“The same people who need change can organise their resources into the power they need to create change…. because that changes the causes of the problem (powerlessness in one form or another) not only the problem.”Marshall Ganz, Leading Change Organizing and Leadership, New Organizing Institute
As this article goes to press, on World Blood Donor Day (WBDD), more than 2,000 residents from across all the six districts of Mara region in Tanzania have donated blood ‘to save a Mama or baby’.
Since preparations for WBDD started back in late-April 2013 more than 5,000 blood units have been collected.
This is an unprecedented achievement for the Tanzania National Blood Transfusion Services. And it is indisputable that the motivation behind the huge turnout of blood donors was to play their part in contributing to maternal survival.
These ordinary Tanzanian citizens have come together under the banner of MamaYe – a campaign to save the lives of Africa’s mothers and newborns. A campaign that enables Africans like the citizens of Mara region, to “organise their resources into the power they need to create change”.
Above, a young man in Mara region “gives blood to save a mama”. June 2013.
In Tanzania, as in many parts of Africa where maternal mortality rates are high, individuals and communities are often resigned to the inevitability of death in childbirth. Many regard such a fate as ‘God’s will’ or ‘natural’.
MamaYe is a campaign led by Africans and backed by UKAID, determined to empower Africans with evidence and action to reverse these attitudes, and to “change the causes of the problem - powerlessness”.
If the survival chances of African mothers and newborns are to be transformed, then it will be vital for African citizens to be empowered with evidence, but also concrete actions, to both enable that transformation, but also to demand change.
One of the key resources needed to save the lives of African mothers is blood. Severe bleeding during pregnancy, delivery or after childbirth can occur for many reasons and is the most common cause of maternal mortality in Africa. Severe bleeding contributes to the deaths of around 34 percent of African women – (that is, more than 50,000 women). Of those women who died, an estimated 26 percent are directly related to a lack of blood. That’s more than 14,000 women who could have been saved.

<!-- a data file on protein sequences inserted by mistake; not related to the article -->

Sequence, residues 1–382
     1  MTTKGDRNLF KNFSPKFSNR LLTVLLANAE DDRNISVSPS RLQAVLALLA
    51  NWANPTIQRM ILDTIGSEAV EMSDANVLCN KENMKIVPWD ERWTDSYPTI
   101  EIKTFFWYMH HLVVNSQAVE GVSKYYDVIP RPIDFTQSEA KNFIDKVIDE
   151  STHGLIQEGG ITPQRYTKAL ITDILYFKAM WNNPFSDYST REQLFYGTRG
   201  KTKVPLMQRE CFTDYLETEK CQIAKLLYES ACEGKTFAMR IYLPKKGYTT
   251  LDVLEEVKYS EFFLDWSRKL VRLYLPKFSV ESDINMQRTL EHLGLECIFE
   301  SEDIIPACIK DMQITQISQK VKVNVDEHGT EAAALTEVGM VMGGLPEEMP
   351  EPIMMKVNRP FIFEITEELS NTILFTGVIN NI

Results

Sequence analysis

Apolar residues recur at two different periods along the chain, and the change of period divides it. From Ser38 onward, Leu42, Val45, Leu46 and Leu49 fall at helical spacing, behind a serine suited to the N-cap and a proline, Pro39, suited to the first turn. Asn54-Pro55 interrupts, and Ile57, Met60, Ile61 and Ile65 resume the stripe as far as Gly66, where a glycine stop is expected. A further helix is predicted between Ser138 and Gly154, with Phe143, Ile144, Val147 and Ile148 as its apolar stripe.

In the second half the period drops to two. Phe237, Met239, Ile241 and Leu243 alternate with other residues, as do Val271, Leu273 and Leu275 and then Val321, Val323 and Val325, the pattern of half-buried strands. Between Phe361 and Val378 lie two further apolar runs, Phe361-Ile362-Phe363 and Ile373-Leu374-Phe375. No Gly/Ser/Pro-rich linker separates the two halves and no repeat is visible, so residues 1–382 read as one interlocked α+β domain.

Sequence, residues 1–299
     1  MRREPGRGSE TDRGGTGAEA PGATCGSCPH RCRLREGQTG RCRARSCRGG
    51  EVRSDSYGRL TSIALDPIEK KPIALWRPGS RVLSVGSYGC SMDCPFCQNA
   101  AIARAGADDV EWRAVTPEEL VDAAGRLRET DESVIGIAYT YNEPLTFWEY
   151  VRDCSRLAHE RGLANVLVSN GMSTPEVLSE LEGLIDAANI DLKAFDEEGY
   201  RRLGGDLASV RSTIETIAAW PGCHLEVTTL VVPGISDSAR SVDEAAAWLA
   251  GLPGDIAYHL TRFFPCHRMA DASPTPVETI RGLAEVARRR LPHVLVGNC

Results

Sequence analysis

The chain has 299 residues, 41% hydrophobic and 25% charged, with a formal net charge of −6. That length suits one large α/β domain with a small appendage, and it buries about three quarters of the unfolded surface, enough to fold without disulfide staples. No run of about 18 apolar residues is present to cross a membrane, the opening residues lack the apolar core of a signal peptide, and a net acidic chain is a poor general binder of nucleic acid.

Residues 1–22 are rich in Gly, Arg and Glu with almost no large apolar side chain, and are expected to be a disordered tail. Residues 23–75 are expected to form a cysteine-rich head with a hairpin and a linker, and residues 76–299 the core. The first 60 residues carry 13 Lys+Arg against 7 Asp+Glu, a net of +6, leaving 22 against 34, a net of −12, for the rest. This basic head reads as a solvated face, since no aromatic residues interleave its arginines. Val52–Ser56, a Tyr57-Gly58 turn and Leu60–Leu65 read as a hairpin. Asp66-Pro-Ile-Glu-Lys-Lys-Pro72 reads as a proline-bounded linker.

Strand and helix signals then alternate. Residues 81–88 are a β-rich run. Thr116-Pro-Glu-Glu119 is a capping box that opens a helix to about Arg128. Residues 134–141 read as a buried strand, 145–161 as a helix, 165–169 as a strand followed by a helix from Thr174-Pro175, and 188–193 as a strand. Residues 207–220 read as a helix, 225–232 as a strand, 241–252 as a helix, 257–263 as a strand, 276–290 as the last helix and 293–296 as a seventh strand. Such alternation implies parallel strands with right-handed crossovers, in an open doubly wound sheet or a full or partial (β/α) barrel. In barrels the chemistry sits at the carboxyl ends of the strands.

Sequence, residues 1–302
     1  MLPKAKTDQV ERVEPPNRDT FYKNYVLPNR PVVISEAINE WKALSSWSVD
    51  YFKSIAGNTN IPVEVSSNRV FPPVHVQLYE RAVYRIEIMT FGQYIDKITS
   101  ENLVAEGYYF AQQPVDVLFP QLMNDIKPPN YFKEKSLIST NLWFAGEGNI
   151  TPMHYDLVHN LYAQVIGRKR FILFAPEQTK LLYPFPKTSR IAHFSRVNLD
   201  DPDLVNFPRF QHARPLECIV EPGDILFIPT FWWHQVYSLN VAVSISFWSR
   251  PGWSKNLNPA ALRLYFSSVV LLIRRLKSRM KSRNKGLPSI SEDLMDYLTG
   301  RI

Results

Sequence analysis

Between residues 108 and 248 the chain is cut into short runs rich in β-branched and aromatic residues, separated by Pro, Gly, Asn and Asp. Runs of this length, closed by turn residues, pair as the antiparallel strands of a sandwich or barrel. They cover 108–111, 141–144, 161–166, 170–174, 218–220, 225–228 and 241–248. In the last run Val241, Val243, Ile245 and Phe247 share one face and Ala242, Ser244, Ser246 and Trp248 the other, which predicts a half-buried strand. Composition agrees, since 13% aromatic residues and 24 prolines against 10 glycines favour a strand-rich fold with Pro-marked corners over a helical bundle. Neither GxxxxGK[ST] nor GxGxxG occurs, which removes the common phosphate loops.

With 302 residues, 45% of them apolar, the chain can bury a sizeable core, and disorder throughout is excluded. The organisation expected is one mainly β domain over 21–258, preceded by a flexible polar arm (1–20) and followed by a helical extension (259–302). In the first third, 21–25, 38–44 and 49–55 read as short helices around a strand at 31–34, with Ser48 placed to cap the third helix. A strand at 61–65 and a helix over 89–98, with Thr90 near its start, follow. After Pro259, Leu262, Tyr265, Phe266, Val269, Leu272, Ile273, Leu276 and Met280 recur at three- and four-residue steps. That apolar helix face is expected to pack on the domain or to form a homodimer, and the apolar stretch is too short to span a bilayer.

Click the image below to view the infographic on why blood saves mothers and babies in Africa.
We know that blood can save lives. For example, in 2004, when safe blood became available, the Queen Elizabeth Hospital in Blantyre saw their maternal mortality rate due to pregnancy complications fall by more than 50%.
Blood supplies in Africa have never been able to meet the demand. The reasons for the lack of blood supply and availability of transfusions are varied and include poverty, lack of government commitment, lack of donors, logistic failures, socio-cultural misconceptions and ignorance.
WHO estimates that at least 10 whole blood units per 1,000 population are needed to be collected annually in resource-limited settings.
In Tanzania only 2.1 units were collected per 1,000 population in 2010 by their National Blood Transfusion Services (NBTS).In Nigeria, far less was collected by their NBTS in 2010 – a mere 0.2 units per 1,000 population. In Malawi, an estimated 3.1 units per 1,000 population were collected in 2011 across the whole country.
That is why today MamaYe working with the Tanzanian National Blood Transfusion Service in Mara, to mobilise citizens to organise their limited resources into the power they need to save the lives of Tanzania’s mothers and newborns.
Above all to make a difference: to change apathy into urgency and fear into hope.